How State Laws Define ‘Parent’ Can Impact Child Custody

Within the past several months, the U.S. Supreme Court’s legalization of same-sex marriage has given rise to a variety of unexpected challenges for the justice system, particularly in the area of child custody.  Compounding the problem is the fact that the definition of ‘parent’ differs from state to state, leaving same-sex parents with no biological connection to a child completely vulnerable to losing their parental rights. One of several pending cases across our nation has gained traction due to the impending question about what it means to be a ‘parent.’

In Kentucky, a 9-year-old girl now awaits a decision as to whom she will refer as ‘parents’ given the separation of her two mothers in 2011. One of two mothers, impregnated in 2006 via sperm donor, is the girl’s biological parent who has since remarried a man. The other mother, whom the girl refers to as ‘nommy,’ raised her until the age of 4 year and carried her on her insurance plan.

The new husband of the girl’s biological mother is now seeking to adopt the child, and the non-biological mother is attempting to intervene the adoption process.

Child custody laws in most states don’t yet fit all families. Therefore, should parental relationships with a child not be recognized by the laws governing the state in which you reside, the situation becomes much more complicated and potentially, losing.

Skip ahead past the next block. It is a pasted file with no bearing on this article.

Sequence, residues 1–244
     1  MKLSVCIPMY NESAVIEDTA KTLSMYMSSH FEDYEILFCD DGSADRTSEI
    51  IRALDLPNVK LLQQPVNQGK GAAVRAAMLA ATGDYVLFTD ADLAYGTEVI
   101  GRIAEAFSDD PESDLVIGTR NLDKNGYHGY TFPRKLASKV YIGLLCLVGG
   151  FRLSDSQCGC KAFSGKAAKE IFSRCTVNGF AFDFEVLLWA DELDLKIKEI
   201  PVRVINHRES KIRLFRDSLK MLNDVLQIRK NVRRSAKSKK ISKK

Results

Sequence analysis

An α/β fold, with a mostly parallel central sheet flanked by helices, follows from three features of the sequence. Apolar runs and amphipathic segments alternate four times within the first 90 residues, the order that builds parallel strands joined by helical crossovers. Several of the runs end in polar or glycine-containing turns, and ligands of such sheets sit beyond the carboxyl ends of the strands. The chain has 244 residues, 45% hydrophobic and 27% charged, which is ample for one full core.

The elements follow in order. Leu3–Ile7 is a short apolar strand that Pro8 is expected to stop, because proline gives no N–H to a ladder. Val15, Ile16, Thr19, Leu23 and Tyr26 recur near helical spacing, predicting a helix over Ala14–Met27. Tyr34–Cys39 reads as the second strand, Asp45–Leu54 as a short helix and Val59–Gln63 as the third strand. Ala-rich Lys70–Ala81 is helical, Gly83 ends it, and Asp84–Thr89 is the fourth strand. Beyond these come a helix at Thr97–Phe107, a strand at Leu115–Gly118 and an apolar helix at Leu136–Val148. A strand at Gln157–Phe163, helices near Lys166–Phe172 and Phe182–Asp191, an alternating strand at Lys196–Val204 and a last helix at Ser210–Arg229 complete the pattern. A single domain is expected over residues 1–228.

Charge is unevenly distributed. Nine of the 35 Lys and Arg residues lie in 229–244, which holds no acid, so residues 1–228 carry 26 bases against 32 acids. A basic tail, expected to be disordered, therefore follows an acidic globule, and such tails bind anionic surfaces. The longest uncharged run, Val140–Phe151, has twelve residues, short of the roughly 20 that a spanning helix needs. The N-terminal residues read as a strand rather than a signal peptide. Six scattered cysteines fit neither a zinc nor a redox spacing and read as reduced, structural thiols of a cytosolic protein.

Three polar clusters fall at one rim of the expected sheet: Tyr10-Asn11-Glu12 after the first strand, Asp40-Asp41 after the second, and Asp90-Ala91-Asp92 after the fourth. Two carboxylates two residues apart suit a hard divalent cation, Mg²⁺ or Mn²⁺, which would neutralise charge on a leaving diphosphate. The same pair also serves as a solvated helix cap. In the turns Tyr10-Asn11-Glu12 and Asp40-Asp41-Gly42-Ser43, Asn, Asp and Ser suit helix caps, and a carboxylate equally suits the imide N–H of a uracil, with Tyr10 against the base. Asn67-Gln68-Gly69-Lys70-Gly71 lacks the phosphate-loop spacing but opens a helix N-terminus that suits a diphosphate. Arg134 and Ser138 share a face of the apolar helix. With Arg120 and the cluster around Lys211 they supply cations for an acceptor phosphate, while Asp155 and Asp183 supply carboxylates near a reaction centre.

No decision has yet been finalized in this case, however this is one of several seeking to sort out parental rights of same-sex couples.

The Law Offices of Russell I. Marnell, P.C. stands equipped and prepared to discuss your rights and the rights of your child. We are knowledgeable and well-versed in New York State laws and remain current of the evolution of laws that may impact our clients.  Should you be concerned about a potential custody arrangement, we urge to you contact us at: 1-866-MARNELL (866-627-6355).

*The information contained in this blog is presented as general information and is not to be construed as legal advice to apply to any person or particular situation. Please keep in mind that the law is constantly changing and therefore you should always consult an attorney for legal advice based on the individual circumstances of your situation.*